03/05/2010 12:00AM

Neko Bay's story just needs an ending


ARCADIA, Calif. - The dynamics of a serious, high-quality racing stable usually requires there be one or two runners who carry the financial load while waiting for the rest to come through. In the case of Ann and Jerry Moss, their stable has floated along these past two years on the wings of Zenyatta, but they have got more than one horse. Really, they do. A whole boatload, in fact, or at least sometimes it seems that way, with so many mouths to feed. So, while waiting for Zenyatta's next roll to begin, if one of them would like to step up, they should feel free.

That "Who me?" you just heard from the Moss corner of the John Shirreffs shed row came from Neko Bay, a son of Giant's Causeway who has spent as much of his professional life on the sidelines as he has in serious competition. Four times Shirreffs has had to stop cold on Neko Bay and four times he has come back, each time showing a flicker of the promise he has harbored since his racing debut, four full years ago.

Neko Bay is now 7, which makes him a contemporary of such memorable individuals as Barbaro, Bernardini, Brother Derek, Lawyer Ron, Stevie Wonderboy, and George Washington. As racehorses, they have all faded into the misty past, leaving Neko Bay to represent the crop of 2003 as best he can.

His best will be tested to the max on Saturday when he joins the large brigade going postward in the 73rd running of the Santa Anita Handicap. No one needs to be told that this is a grand old race, older than the Woodward, the Gulfstream Park Handicap, or the Hollywood Gold Cup, and grand enough to be won by Hall of Famers Seabiscuit, Noor, Round Table, Ack Ack, Cougar II, Affirmed, Spectacular Bid, John Henry, Alysheba, and Tiznow.

Ann and Jerry Moss are already part of that history. Their black bullet Ruhlmann won the Santa Anita Handicap in a fiery, wire-to-wire performance under Gary Stevens in 1990, at odds of 22-1 no less.

"The year before he won a mile race on the Santa Anita Handicap undercard and set the track record," Jerry Moss recalled. "Charlie always thought that maybe he should have run Ruhlmann in the Handicap that day instead."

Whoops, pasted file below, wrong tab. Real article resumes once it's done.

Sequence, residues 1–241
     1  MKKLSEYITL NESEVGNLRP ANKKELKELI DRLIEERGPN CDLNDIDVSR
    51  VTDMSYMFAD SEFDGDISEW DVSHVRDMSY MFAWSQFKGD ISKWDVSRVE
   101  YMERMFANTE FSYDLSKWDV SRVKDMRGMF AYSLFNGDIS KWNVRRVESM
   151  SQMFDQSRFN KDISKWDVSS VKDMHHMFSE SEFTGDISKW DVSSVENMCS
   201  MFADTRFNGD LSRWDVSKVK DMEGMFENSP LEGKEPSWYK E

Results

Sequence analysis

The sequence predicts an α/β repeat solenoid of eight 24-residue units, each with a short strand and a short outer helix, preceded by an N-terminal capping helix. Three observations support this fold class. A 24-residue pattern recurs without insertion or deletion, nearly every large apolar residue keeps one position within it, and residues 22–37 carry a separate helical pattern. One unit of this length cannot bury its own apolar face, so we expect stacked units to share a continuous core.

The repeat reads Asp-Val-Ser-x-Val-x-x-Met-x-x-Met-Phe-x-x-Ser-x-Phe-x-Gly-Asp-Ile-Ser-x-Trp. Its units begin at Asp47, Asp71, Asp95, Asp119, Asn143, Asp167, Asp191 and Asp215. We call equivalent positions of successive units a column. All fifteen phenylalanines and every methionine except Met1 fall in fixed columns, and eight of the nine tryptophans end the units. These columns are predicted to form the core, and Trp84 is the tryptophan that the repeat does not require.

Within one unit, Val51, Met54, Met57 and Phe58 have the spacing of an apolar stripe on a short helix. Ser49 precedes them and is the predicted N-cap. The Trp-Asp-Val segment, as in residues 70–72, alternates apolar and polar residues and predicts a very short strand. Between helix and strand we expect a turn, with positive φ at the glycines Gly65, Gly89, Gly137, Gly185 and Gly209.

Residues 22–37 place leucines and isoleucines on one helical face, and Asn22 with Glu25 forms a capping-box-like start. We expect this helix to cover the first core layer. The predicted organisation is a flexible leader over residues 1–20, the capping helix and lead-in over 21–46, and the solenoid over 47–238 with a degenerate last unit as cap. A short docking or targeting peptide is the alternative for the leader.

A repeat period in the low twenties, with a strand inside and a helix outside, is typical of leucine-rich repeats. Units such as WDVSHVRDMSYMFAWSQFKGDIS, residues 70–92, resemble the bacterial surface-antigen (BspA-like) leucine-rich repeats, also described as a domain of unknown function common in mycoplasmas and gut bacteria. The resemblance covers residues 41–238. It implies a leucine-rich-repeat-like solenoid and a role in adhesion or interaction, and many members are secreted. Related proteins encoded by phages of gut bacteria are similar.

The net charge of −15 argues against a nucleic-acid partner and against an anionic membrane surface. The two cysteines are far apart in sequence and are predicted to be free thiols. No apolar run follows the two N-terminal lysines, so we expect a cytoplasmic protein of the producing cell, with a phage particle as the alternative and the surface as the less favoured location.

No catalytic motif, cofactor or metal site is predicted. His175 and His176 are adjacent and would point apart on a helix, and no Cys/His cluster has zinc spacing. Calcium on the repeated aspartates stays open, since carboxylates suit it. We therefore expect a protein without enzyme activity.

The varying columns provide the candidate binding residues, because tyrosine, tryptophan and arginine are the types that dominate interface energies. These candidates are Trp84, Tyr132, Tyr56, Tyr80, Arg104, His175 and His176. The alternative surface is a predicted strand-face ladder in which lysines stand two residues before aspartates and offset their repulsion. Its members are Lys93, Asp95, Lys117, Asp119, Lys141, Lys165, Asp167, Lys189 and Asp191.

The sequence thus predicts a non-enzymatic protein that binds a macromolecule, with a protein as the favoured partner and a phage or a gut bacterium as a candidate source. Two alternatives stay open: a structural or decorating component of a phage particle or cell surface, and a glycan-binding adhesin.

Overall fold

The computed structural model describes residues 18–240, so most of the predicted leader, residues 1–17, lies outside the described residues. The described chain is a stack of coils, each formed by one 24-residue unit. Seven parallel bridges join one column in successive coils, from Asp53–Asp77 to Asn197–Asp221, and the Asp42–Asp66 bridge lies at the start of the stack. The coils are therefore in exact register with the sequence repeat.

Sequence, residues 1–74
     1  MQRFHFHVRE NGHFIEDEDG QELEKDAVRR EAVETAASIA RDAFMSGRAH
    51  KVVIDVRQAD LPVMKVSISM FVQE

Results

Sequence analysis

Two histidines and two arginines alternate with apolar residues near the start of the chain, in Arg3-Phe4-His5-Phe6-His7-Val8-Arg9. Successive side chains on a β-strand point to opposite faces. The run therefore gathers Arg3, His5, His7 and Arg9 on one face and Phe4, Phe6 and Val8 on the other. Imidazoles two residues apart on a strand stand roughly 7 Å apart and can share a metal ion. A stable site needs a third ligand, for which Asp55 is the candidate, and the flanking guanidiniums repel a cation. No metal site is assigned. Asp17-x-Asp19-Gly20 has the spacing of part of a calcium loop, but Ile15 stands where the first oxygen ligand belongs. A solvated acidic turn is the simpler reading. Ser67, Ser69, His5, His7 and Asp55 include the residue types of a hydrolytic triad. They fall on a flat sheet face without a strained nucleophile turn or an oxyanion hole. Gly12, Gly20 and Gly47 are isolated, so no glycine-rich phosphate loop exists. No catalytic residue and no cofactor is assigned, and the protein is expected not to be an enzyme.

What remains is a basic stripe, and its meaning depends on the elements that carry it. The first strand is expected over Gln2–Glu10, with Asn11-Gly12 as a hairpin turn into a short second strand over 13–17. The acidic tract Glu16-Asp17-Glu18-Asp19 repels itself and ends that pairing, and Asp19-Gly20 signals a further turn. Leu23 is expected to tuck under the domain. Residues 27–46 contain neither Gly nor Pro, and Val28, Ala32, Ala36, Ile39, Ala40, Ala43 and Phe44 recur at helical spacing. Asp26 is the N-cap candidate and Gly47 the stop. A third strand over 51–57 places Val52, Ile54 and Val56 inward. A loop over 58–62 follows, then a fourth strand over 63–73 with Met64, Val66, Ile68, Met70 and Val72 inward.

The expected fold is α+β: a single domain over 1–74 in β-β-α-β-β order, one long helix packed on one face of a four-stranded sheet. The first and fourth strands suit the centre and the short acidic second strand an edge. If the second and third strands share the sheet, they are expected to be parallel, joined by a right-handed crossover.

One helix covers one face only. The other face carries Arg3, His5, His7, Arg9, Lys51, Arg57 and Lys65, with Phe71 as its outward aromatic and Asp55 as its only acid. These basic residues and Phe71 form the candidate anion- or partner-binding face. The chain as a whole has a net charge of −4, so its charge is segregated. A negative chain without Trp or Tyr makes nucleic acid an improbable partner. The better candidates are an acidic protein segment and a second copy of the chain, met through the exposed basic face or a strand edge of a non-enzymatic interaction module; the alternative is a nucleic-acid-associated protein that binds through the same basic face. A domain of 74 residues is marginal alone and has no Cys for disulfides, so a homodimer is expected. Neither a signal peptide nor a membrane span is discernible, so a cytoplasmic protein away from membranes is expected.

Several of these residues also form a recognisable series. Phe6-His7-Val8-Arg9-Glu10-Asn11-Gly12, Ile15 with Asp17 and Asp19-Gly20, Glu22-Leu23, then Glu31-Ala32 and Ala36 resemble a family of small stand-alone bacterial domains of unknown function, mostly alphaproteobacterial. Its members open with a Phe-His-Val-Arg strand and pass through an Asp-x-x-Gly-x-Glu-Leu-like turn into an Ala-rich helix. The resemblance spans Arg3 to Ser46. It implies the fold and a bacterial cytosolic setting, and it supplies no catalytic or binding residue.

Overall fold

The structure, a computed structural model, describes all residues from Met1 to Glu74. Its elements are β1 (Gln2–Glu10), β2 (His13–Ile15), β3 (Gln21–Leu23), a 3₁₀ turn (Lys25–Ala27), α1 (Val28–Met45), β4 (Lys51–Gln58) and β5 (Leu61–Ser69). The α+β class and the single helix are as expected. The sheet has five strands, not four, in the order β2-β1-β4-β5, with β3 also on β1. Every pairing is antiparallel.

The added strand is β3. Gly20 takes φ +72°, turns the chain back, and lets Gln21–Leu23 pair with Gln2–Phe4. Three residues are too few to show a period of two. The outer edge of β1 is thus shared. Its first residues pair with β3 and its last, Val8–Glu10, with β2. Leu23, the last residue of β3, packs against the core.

That would be Charlie Whittingham, who brought Ruhlmann into his 1990 Santa Anita Handicap off a victory in the Native Diver Handicap at Hollywood Park in late December and then a distant third to Criminal Type in the San Antonio Handicap, three weeks before the big one. Whittingham glanced at the tote board for the Handicap and huffed something about his horse getting no respect, then took the rubber band off the bankroll.

Neko Bay, fresh from his first stakes win in the San Pasqual Handicap, will be neither 22-1 nor setting a 45.80-second pace, as Ruhlmann did in his victory. After 13 races, spaced over 48 months, the old boy has finally settled on a running style that suits both his temperament and his surroundings, since it is best to save something for the end of a distance race over the Santa Anita synthetics.

"John always thought he had something," Moss said, referring to his trainer. "It just took this amount of time to develop it. We've had offers for him along the way, because he's so beautifully bred. We didn't sell, though, because I guess we always thought there was that something else there."

There didn't need to be much. Giant's Causeway gets Neko Bay a foot in any stallion barn door, and the female side is an embarrassment of riches. His dam, Brulay, is a half to Lemon Drop Kid. Her dam, Charming Lassie, is a half to Weekend Surprise. Among others, Weekend Surprise gave the world A.P. Indy and Summer Squall.

With such folks, they could have named the foal Mud. The Mosses, however, are convinced that horses respond, for better or worse, to what they are called by the people around them. Come naming time they put in the work, usually alighting upon a person or place significant to their lives. Neko Bay was such a place.

In January 2005, about four months before Giacomo carried the Moss colors to victory in the Kentucky Derby, they journeyed with family to the Antarctic Peninsula, with a Canadian-based guided tour that put boots on the ground, if they wanted. Their vessel was the MS Explorer, a cruise ship designed for sailing icy waters, but to get a closer look at smaller islands or go ashore Moss and his fellow travelers boarded 10-passenger motorized rubber boats.

"A lot of people see the Antarctic through the club room windows, having a martini," Moss said. "Like, 'Ah, there's an iceberg over there.' But Annie and her family are real outdoor types, so we got in the boats."

At one point, the head guide beckoned the Mosses. Apparently, he knew they were game.

" 'Come with me. We'll go to Neko Bay,' " Moss recalled. "We asked, 'What happens in Neko Bay?' He said, 'Well, every time I've been there something really incredible happens.'

"It was just Annie, me, and her brother in this boat for 10, chugging along through the icebergs, hanging onto the side," Moss continued. "We got to Neko Bay and there was nothing much happening. A little bit of snow falling. Temperature about zero. Then, all of a sudden, these amazing birds show up. And pretty soon the water starts moving, and these whales start jumping. We spent about an hour and a half, just mesmerized.

"So when our guide said that eventually something wonderful happens, it did. Let's hope that's the story of Neko Bay."